True tax-cut figures
Consideration of the full Bush plan shows the richest 1 percent of taxpayers will get roughly 40 percent of the cut. ``There's little dispute among economists on the distributional impact of the proposed tax cut,'' said economist Dean Baker of Economics Reporting Review. ``Journalists create confusion by uncritically reporting the artful claims of the administration.''
Media critic Bob Somerby, in a lengthy analysis of the Post article on his Web site (www.dailyhowler.com), was even more critical. If a newspaper blandly repeats what it knows to be misleading propaganda, Somerby wrote, ``then the paper is prepared to be lied to about anything.''
News organizations, like other big corporate institutions, are predisposed to the status quo. After the unusual circumstances of last year's election, they seem bent on removing the question mark next to the Bush presidency.
At the end of February, broadcast networks and newspapers nationwide proclaimed that Bush did win Florida's election after all. ``Bush really won,'' bannered the New York Daily News. ``Florida vote review confirms Bush win,'' headlined the Houston Chronicle. These were dramatic conclusions -- and false. Or at best, premature.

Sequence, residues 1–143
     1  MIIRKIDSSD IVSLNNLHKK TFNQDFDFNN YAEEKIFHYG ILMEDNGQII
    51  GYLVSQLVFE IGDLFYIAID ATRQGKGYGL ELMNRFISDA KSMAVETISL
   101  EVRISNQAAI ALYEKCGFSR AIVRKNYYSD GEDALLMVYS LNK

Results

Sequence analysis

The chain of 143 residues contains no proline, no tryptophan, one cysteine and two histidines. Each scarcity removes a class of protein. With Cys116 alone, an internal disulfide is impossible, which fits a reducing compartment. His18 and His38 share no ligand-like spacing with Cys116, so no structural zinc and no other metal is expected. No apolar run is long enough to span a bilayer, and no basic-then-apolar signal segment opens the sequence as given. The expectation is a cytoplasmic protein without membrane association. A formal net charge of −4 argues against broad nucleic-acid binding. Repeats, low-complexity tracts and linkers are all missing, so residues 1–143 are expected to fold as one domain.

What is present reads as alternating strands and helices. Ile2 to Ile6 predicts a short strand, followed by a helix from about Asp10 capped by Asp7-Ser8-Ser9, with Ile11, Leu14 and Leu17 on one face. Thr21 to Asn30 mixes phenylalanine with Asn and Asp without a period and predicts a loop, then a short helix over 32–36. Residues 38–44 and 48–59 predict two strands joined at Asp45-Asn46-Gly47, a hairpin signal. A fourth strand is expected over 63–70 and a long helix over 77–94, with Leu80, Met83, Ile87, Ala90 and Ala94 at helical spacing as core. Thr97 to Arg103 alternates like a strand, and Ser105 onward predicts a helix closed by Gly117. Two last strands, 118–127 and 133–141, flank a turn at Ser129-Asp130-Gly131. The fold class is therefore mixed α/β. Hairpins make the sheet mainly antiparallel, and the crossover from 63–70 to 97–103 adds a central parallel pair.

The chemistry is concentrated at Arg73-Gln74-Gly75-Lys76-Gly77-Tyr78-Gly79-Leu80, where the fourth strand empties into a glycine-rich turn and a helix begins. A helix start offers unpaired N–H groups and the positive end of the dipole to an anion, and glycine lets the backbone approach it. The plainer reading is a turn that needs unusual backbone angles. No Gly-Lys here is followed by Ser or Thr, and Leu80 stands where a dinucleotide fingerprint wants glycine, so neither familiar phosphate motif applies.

The stories were based on a Miami Herald/USA Today analysis of certain contested ballots in a single county, Miami-Dade. That tally found additional votes for Al Gore, but it found insufficient new votes to surpass Bush when added to official, disputed tallies in three other counties where Gore had sought a recount.
The analysis did not pretend to settle the question of who received more total votes in Florida. In late February, two journalistic teams were still at work on statewide ballot reviews, with the more exhaustive review not due until mid-April, at the earliest. But many news outlets ended up misleading the public.
The fact that Bush entered the White House through a disputed election may not mean he should get tougher news coverage. But he and his administration certainly are not entitled to softer coverage.
© 2001 The Mercury News